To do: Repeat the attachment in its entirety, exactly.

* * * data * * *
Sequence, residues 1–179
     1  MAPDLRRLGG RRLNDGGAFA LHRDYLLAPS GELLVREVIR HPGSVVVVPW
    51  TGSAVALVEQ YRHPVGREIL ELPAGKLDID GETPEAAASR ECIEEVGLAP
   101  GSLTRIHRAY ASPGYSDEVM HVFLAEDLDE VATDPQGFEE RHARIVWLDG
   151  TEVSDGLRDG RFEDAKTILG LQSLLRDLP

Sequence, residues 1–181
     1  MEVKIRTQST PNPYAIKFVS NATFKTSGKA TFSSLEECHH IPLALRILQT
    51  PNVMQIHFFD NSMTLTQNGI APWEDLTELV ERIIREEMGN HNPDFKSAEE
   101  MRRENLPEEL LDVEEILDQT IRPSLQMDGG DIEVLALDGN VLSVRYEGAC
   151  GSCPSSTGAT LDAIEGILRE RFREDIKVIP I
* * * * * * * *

Sequence, residues 1–179
     1  MAPDLRRLGG RRLNDGGAFA LHRDYLLAPS GELLVREVIR HPGSVVVVPW
    51  TGSAVALVEQ YRHPVGREIL ELPAGKLDID GETPEAAASR ECIEEVGLAP
   101  GSLTRIHRAY ASPGYSDEVM HVFLAEDLDE VATDPQGFEE RHARIVWLDG
   151  TEVSDGLRDG RFEDAKTILG LQSLLRDLP

Sequence, residues 1–181
     1  MEVKIRTQST PNPYAIKFVS NATFKTSGKA TFSSLEECHH IPLALRILQT
    51  PNVMQIHFFD NSMTLTQNGI APWEDLTELV ERIIREEMGN HNPDFKSAEE
   101  MRRENLPEEL LDVEEILDQT IRPSLQMDGG DIEVLALDGN VLSVRYEGAC
   151  GSCPSSTGAT LDAIEGILRE RFREDIKVIP I